How to Wrestle Away Your Baby’s Pacifier
So some children never use a pacifier, and some parents are vehemently opposed to its use, but some of us have a middle ground approach to it. SuperBoy has used one off and on since he was probably 2 months old. At this stage, 21 months, he only is allowed to use it for naps. There was a day when he forgot about and I rejoiced! But then he remembered it the next day when he saw one on the counter. Why didn’t I have the good sense to have eliminated all of them? When is too old to use one (subjective question, probably) and if you want to cease its use, how do you go about doing that?
1) Age limit for pacifiers?
My reading & polling of fellow parents provide a myriad of answers to the question for age limit for pacifier use. Mostly everyone seems to agree that around 12 months, both for medical and psychological reasons, pacifier use should be limited or eliminated. Hm. We’ve blown past that, but maybe our limited use doesn’t make us totally terrible parents.
See Baby Center’s article here, Mayo Clinic’s assessment on pacifiers in general here, Mamapedia has this to say about pacifier use here, and one of my favorite resources, Berkeley Parents Network says this on babies here and toddlers here.
2) Weaning it away.
Dr. Sears answers parents’ questions on how to wean from a pacifier at 17 months here and at 3 years old here. He’s not a big proponent of pacifiers to begin with. The weaning way seems to be comprised of slowly replacing whatever its primary uses are with either other objects (or persons) or distraction. Child gets agitated in the long car ride? Teething biscuit or sippy cup. Child has a boo-boo? Offer the breast or other soothing massage & rocking while he or she experiences the worst of the pain. Trouble going to sleep without it? Start a different night routine or take it out once he or she has fallen asleep. Provide a lovie or blankie to be a soothing presence instead at night.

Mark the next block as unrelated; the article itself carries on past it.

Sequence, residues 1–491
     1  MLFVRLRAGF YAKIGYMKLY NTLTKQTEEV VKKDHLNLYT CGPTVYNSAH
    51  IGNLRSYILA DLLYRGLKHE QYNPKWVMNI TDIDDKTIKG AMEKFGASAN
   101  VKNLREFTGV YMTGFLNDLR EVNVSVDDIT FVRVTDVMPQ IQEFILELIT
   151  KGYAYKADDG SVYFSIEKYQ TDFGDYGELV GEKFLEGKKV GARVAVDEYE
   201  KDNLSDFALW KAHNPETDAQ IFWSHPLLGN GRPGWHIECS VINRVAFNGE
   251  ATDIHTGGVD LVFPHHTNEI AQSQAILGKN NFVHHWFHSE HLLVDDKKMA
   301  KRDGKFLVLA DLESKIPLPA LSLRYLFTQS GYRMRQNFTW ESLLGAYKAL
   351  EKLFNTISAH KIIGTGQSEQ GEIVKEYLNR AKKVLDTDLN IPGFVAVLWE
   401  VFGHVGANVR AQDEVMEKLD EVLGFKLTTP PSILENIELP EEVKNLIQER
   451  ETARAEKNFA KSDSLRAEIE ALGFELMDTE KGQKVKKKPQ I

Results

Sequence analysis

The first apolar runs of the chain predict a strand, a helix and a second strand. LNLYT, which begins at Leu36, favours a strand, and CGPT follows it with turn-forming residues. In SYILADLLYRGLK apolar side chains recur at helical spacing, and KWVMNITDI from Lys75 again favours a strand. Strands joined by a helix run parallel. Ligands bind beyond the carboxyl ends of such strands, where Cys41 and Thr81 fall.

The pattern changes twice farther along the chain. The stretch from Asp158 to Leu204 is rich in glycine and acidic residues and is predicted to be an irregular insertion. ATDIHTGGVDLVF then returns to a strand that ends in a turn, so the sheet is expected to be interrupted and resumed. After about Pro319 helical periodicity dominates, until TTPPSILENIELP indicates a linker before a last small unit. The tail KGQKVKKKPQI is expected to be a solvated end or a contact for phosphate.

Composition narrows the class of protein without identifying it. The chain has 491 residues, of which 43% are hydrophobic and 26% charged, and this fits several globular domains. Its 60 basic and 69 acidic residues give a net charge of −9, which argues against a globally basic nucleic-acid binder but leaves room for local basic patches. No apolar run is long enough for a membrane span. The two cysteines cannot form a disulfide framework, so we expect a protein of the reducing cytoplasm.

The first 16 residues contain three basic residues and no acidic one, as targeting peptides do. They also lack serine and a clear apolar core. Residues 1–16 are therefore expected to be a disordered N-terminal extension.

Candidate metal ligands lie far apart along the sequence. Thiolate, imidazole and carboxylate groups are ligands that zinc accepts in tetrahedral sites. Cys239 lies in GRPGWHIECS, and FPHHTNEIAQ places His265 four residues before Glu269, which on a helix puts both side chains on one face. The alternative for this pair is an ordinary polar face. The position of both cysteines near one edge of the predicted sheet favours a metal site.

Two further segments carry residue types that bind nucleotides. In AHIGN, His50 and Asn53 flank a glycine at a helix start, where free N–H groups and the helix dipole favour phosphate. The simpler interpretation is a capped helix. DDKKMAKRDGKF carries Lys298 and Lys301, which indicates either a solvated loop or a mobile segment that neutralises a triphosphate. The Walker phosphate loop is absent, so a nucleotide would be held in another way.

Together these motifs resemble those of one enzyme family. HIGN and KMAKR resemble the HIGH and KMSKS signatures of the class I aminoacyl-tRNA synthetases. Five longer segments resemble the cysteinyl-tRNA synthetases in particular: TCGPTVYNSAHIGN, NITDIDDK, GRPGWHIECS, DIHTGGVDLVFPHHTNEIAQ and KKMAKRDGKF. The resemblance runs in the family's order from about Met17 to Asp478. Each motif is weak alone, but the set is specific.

Our pseudo weaning approach has been to have them completely out of sight except at a nap when he asks for it. Of course, he’s clever enough and has enough short term memory to ask just about every time.
3) Cold turkey.
The prevailing thought in this camp appears to be to cut off the tip so that the pacifier no longer can be a sucking agent. Then endure either nonchalance by the child, or spastic screaming crying for a few days. It’s a gamble! But also means everything moves more quickly (?). Perhaps, but I’m always reticent to be cold turkey about things for children based on the complexity of their needs and attachments.